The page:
India’s public health system presents a bizarre spectacle. Medical aid is either absent or so deficient that human lives cannot be saved. Hundreds of patients wait on the pavements in the premises of government hospitals, which have no infrastructure to meet the health care needs of the patients. Patients with serious ailments requiring immediate surgery are given long dates which many of them fail to keep as they are dead by then. Private hospitals are highly expensive and unaffordable to the poor. Lands are taken by private hospitals on concessional rates from the government but do not admit poor patients because of their inability to pay huge sums of money. Dead bodies of the patients are not handed over to the successors till the payments are cleared.

Pavement dwellers and hawkers were to have a right to life too which is violated by not providing them suitable shelter. The poor have no place in the system. They walk on the roads; when run over by vehicles, they cannot afford litigation or a competent lawyer and lose out to their rich rivals.

EQUALITY is a glorious virtue which differentiates a democracy from dictatorship, monarchy, aristocracy or oligarchy. Equality was guaranteed under three Articles (14, 15 and 16) of the Constitution. Article 14 lays down that the state shall not deny to any person equality before the law or equal protection of law within the territory of India.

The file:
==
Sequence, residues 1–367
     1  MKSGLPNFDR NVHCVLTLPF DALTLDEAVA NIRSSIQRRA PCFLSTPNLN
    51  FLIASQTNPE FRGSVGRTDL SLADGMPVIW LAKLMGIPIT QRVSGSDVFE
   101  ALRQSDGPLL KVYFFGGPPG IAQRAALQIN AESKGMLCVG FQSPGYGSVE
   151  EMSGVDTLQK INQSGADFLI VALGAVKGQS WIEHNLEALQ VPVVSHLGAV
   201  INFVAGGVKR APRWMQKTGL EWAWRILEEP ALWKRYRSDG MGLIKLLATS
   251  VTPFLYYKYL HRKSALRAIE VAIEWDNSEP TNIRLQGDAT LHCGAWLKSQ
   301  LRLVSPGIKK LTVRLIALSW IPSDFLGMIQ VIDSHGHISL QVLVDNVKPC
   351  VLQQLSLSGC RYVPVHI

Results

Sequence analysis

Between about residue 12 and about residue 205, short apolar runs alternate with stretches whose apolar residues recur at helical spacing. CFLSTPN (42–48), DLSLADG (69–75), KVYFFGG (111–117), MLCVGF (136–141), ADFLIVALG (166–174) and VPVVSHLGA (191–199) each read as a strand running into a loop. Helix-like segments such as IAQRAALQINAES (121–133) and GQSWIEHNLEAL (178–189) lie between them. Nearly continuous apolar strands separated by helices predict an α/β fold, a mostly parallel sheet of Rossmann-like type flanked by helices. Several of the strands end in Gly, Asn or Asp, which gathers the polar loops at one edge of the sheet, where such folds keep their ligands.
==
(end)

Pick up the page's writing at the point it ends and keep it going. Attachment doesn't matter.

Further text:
It is unmistakably clear from the above Article that it is prospective in nature and takes care of the future only. Inequalities and social injustice which have existed for centuries are not remedied. These inequalities continue to stare on our face even after sixty years of independence. The provision is meaningless for those who have been the victims of injustice for centuries. Equality is not possible when the social structure of the country is involved in class conflict between a factory owner and a wage earner, landlord and the peasant, labourer and contractor. There is no equality between the child of a labourer and that of a contractor. How the law can be applied equally is difficult to appreciate. A protection of law meant for the weaker sections of the society cannot be made equally available to the affluent and prosperous sections of the society. If equality were to be necessarily among the similarly circumstanced, even then it is a problem. Indian polity and social structure has variations at socio-economic and political levels. No classification is practicable because of the fundamental diversities of the Indian society.

Equality of opportunity under Article 16 is also a hoax. In an age of competition the only way public employment is secured is by competing with others. The competition between the high and the low is ill-founded. The rural/urban, mass/elite, dichotomy has polarised the society. These Articles are significant for theoretical purposes; when applied to specific situations, equality remains a far cry.